Dr. Crutchfield, my cousin had a skin problem
where she developed pimples in sensitive areas that would get bigger, become
painful, turn into boils and break. The areas would smell bad. She saw a
dermatologist and was diagnosed with a condition called “hidradenitis suppurativa.”
What is hidradenitis suppurativa?
Hidradenitis suppurativa (HS) is a chronic inflammatory skin
condition that may be caused by an inappropriate response of the body’s immune
No one knows for sure what exactly causes HS. One theory is
that HS is the result of an abnormality in hair follicles. HS tends to occur
when hair follicles become blocked, leading to a clogged hair follicle. When
the follicle is blocked, pressure builds up in the follicle, causing a rupture
and leakage to the sides of the follicle, deep into the skin. The leakage
produces a response by the immune system to the material in the skin. The
immune response is in the form of inflammation.
This cycle can repeat itself over and over and in many areas,
producing a chronic medical condition. The lesions of HS appear as boils
in the skin. The medical term for a boil is an abscess. The abscesses of
HS can be mild, moderate, or severe.
- Mild: This means a single abscess or a few
abscesses that don’t connect or drain. They can be very painful.
- Moderate: Commonly, several abscesses are widely
separated. These are painful. They may connect and drain with pus and blood.
- Severe: Multiple abscesses that are close together
and cover large areas. These are painful and drain profusely. The common areas
are the scalp, on the neck, around the ears, under the arms, under the breasts,
in the groin, and on the backside. These areas coincide closely with
HS starts as pimples in sensitive hair-bearing areas that enlarge
and turn into large abscesses that can be extremely painful, connect and
rupture, and smell foul. The connection between abscesses is called a sinus
HS is an inflammatory skin disease. It is a chronic medical
condition, meaning it lasts for a long time, maybe even a lifetime. Some
people mistakenly think that HS is an infection. It is not an infection, but is
actually a malfunction of one’s immune system.
There are a lot of misconceptions about HS. Here are some other
things you should know:
- HS is not the fault of
the person who has it.
- HS is not transmitted
- HS is not caused by
poor personal hygiene.
- HS is not contagious.
What are the symptoms
The lesions of HS are boils or abscesses. They form under the
skin in areas where hair grows and the skin may rub together. They are painful
and fill with pus and blood. When they get big, the lesions can rupture and
release a very foul-smelling fluid. The amount of fluid produced can be quite significant,
and in severe cases they can drain all day long, causing the person to have to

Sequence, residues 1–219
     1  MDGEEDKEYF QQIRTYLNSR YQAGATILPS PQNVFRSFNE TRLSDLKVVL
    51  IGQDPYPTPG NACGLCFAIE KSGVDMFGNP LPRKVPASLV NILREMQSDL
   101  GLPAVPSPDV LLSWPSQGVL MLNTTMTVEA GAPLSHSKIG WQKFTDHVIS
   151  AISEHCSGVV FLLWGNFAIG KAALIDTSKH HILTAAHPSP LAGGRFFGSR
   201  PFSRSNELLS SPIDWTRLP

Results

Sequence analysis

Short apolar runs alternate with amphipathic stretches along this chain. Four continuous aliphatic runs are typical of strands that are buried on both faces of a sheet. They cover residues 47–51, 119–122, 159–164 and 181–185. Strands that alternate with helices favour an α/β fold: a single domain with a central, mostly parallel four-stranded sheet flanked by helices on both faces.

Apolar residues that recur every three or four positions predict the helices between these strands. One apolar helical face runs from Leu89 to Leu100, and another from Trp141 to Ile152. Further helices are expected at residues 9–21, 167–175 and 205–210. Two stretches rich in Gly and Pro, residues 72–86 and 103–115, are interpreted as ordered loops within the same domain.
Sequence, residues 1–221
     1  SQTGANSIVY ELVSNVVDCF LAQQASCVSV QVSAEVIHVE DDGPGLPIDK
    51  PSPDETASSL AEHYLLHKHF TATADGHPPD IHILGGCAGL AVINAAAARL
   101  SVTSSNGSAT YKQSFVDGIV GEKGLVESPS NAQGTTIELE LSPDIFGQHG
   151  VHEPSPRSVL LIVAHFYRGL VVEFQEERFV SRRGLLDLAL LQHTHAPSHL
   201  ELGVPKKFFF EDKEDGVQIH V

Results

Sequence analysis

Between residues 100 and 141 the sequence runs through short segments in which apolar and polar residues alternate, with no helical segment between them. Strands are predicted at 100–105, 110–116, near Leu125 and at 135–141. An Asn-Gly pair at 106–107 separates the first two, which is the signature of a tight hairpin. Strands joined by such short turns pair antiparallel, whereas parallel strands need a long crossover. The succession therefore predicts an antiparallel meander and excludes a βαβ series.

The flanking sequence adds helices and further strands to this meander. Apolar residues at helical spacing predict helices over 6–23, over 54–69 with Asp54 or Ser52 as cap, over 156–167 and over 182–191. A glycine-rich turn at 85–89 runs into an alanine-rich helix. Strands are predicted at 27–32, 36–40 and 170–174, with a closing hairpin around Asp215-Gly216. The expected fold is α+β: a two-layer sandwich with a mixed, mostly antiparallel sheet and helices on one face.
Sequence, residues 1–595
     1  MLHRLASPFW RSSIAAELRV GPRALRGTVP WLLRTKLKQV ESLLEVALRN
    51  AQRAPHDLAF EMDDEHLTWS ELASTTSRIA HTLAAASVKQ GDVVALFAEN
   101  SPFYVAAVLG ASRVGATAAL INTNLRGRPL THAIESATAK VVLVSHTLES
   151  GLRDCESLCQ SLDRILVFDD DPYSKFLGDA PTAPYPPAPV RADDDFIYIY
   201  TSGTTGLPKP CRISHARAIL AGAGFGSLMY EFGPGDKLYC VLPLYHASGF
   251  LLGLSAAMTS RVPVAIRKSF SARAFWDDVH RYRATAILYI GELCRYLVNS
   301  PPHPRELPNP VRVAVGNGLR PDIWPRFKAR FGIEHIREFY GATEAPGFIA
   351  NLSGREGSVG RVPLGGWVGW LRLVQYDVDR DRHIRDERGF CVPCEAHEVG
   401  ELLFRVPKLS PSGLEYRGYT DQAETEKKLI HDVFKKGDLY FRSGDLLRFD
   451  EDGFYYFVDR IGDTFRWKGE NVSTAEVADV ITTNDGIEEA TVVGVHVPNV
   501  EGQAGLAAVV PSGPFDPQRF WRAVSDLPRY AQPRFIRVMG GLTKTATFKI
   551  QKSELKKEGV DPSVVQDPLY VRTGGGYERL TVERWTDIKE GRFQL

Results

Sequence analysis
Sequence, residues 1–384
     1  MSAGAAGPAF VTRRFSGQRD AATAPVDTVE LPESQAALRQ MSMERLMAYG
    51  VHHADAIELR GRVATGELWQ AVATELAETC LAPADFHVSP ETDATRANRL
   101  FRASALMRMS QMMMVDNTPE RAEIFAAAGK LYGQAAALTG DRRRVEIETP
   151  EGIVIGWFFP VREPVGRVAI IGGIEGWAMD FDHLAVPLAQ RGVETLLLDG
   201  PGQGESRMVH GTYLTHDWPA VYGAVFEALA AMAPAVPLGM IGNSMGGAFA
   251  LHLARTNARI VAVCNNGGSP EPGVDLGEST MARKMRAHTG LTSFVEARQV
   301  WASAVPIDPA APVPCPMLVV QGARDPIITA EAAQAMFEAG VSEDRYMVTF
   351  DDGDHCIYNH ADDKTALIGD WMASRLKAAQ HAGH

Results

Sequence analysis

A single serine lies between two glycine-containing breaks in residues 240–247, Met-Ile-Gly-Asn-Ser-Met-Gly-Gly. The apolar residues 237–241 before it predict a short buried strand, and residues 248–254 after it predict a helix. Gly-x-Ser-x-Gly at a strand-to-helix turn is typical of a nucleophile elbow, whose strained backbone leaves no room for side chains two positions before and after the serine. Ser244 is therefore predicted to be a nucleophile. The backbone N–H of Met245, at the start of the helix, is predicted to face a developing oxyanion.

wear absorbent pads in the areas that need to be changed often.
Larger regions can connect by tunnels in the skin known as
fistulas or sinus tracts. Over time some areas can form scars, and new
areas can form. The constant drainage of bad-smelling drainage can lead to a
foul odor that travels with the affected person.
As one could imagine, the condition is terribly embarrassing and
can interfere or prevent normal personal social interactions, leading to an
inferior quality of life. As a result, many dermatologists believe that HS is
one of the very worst skin diseases to have.
In some cases, HS may temporarily subside, but it often comes
back. It may start out as mild but rapidly progress to severe. Being overweight
and smoking are two factors that can be managed and have an impact on the
severity and progression of the disease.
Physicians will recommend smoking cessation and weight
reduction. In addition, these treatments are available:
- Antibiotics (as
anti-inflammatories, not to treat infection)
- Hormone therapy
- Biologic medications
HS can be devastating for self-esteem and lead to profound
depression. If HS is impacting social relationships, self-esteem, and/or depression,
it is important to talk to experts in the fields of mental and sexual health.
It also may be helpful to join a support group so you can share feelings and
information with other people who have HS.
For stubborn or severe cases, you should visit a dermatologist
who specializes in HS. These dermatologists are medical doctors who have
experience in diagnosing and treating inflammatory conditions of the skin. They
understand what you’re going through and can recommend treatment options that
are appropriate for you.
There are good treatments for HS, and no one should have to
suffer from this terrible condition. Fortunately, there is an FDA-approved biologic
treatment (named ‘adalimumab’) for HS.
To find a dermatologist who specializes in the treatment of HS and for a list of national support groups to join, visit www.noBSaboutHS.com.